Last section we studied head on collisions, in which both objects move on a line. Most natural collisions, however, are not head on, instead causing objects to move at an angle to their original trajectory. Consider a game of pool, in which balls are frequently hit at an angle to get them in the pockets. These kinds of collisions, though more complicated, can be solved using the same methods as those used in one dimension. An elastic collision still conserves kinetic energy and, of course, any collision conserves linear momentum. We shall examine the elastic and completely inelastic case, and show how each of these cases can be solved.

Elastic Collisions in Two Dimensions

Since the theory behind solving two dimensional collisions problems is the same as the one dimensional case, we will simply take a general example of a two dimensional collision, and show how to solve it. Consider two particles, m1 and m2, moving toward each other with velocity v1o and v2o, respectively. They hit in an elastic collision at an angle, and both particles travel off at an angle to their original displacement, as shown below:

Figure %: Two particles collide at point A, then move of at angles to their original motion
To solve this problem we again use our conservation laws to come up with equations that we hope to be able to solve. In terms of kinetic energy, since energy is a scalar quantity, we need not take direction into account, and may simply state:

v1o2 + v2o2 = v1f2 + v2f2    

Whereas in the one dimensional problem we could only generate one equation for the conservation of linear momentum, in two dimensional problems we can generate two equations: one for the x-component and one for the y-component.

Let's start with the x-component. Our initial momentum in the x direction is given by: m1v1o - m2v2o. Note the minus sign, as the two particles are moving in opposite directions. After the collision, each particle maintains a component of their velocity in the x direction, which can be calculated using trigonometry. Thus our equation for the conservation of linear momentum in the x-direction is:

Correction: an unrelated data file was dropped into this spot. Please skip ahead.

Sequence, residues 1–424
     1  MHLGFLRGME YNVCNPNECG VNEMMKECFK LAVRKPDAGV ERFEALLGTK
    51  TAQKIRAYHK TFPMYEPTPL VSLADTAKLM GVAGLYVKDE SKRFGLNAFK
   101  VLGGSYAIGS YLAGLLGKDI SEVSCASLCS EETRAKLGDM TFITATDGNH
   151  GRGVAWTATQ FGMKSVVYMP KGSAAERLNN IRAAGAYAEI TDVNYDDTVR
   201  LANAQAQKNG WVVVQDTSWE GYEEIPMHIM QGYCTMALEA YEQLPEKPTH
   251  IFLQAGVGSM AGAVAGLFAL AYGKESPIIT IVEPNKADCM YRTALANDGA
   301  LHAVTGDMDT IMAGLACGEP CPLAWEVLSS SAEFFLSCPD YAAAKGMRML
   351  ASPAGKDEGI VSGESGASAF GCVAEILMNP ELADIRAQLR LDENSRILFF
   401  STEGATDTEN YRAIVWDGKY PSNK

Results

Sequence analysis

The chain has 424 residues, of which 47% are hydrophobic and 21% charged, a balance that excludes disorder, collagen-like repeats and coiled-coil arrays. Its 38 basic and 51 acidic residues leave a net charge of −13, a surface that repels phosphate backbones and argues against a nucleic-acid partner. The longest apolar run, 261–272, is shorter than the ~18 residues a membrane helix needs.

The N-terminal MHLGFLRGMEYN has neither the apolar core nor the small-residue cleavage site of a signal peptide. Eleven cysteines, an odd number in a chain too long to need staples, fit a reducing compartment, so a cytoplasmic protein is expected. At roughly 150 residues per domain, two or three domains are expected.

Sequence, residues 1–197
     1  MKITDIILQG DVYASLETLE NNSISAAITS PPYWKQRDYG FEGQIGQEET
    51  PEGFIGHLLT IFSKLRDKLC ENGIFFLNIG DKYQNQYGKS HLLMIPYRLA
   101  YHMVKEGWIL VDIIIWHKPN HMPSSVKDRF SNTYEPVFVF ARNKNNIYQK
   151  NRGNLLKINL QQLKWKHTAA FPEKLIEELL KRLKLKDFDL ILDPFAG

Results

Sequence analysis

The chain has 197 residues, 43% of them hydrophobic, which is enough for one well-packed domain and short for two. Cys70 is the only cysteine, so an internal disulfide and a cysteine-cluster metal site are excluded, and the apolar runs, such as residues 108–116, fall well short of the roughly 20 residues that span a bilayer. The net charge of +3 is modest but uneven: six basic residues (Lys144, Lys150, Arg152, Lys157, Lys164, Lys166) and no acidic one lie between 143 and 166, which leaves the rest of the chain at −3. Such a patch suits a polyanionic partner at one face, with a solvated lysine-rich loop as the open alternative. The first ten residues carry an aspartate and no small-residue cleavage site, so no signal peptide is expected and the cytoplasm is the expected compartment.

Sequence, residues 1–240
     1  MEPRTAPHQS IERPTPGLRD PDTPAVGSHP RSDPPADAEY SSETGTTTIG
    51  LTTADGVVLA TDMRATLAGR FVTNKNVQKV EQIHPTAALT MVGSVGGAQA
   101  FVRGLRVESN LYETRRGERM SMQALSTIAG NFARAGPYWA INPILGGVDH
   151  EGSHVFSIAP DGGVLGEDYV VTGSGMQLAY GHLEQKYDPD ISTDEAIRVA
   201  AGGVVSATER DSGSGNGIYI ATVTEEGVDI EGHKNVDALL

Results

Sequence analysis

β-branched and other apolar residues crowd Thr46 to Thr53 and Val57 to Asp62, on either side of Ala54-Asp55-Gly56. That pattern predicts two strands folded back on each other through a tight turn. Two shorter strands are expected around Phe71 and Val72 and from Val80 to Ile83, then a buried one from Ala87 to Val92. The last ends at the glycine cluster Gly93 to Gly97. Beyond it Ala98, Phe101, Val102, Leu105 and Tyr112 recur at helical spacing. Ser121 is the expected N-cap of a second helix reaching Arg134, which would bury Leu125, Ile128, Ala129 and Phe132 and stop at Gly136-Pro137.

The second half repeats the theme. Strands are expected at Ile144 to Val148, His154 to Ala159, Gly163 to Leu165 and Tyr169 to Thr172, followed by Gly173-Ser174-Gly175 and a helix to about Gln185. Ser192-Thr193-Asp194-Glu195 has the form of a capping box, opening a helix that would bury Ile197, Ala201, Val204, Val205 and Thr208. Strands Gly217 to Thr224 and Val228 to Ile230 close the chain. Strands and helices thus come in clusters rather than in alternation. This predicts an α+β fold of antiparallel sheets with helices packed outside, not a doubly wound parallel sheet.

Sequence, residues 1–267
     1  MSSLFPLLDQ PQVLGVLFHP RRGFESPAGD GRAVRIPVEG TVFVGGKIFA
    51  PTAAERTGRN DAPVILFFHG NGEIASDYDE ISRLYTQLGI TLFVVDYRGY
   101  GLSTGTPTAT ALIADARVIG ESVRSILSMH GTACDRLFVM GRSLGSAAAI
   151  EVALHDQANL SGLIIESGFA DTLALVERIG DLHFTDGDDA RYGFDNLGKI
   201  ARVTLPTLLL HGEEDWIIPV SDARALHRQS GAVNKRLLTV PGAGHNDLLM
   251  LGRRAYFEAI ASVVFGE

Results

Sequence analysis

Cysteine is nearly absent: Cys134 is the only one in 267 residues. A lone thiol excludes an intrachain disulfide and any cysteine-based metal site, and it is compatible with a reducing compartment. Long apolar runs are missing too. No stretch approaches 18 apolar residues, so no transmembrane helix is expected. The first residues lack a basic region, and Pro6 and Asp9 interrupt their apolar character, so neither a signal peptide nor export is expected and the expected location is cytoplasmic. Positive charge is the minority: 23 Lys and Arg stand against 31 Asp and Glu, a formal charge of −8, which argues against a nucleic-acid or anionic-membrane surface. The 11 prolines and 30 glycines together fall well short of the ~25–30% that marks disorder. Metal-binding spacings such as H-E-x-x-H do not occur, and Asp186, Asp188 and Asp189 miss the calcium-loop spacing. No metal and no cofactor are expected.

m1v1o - m2v2o=m1v1fcosθ1 + m2v2fcosθ2  

Regarding the y-component, since both particles move initially in the x direction, there is no initial linear momentum in the y direction. The final linear momentum again can be found through trigonometry, and used to form another equation:

0=m1v1fsinθ1 + m2v2fsinθ2  

We now have three equations: conservation of kinetic energy, and conservation of momentum in both the x and y directions. With this information, is this problem solvable? Recall that if we are given only the initial masses and velocities we are working with four unknowns: v1f, v2f, θ1 and θ2. We cannot solve for four unknowns with three equations, and must specify an additional variable. Perhaps we are trying to make a pool shot, and can tell the angle of the ball being hit by where the hole is, but would like to know where the cue ball will end up. This equation would be solvable, since with the angle the ball will take to hit the pocket we have specified another variable.

Completely Inelastic Collisions

Surprisingly enough, the completely inelastic case is easier to solve in two dimensions than the completely elastic one. To see why, we shall examine a general example of a completely inelastic collision. As we've done previously, we will count equations and variables and show that it is solvable.

The most general case of a completely inelastic collision is two particles m1 and m2 moving at an angle of θ1 to each other with velocities v1 and v2, respectively. They undergo a completely inelastic collision, and form a single mass M with velocity vf, as shown below.

Figure %: Two particles collide at point A, Forming a single particle
What equations can we come up with to solve this type of problem? Clearly because the collision is inelastic we cannot invoke the conservation of energy. Instead we are limited to our two equations for conservation of linear momentum. Observe that we have conveniently oriented our axes in the figure above such that the path of m1 is entirely in the x direction. With this in mind, we can generate our equations for the conservation of momentum in both the x and y directions:

x component:m1v1 + m2v2cosθ1 =Mvfcosθ2  
y component:m2v2sinθ1 =Mvfsinθ2  

Though we only have two equations, we also only have two unknowns, vf andθ2. Thus we can solve for any completely inelastic collision in two dimensions.


Our entire study of collision can be seen as simply an application of the conservation of linear momentum. So much time is spent on this topic, however, because it is such a common one, both in physics and in practical life. Collisions occur in particle physics, pool halls, car accidents, sports, and just about anything else you can think of. A thorough study of the topic will be well rewarded in practical use.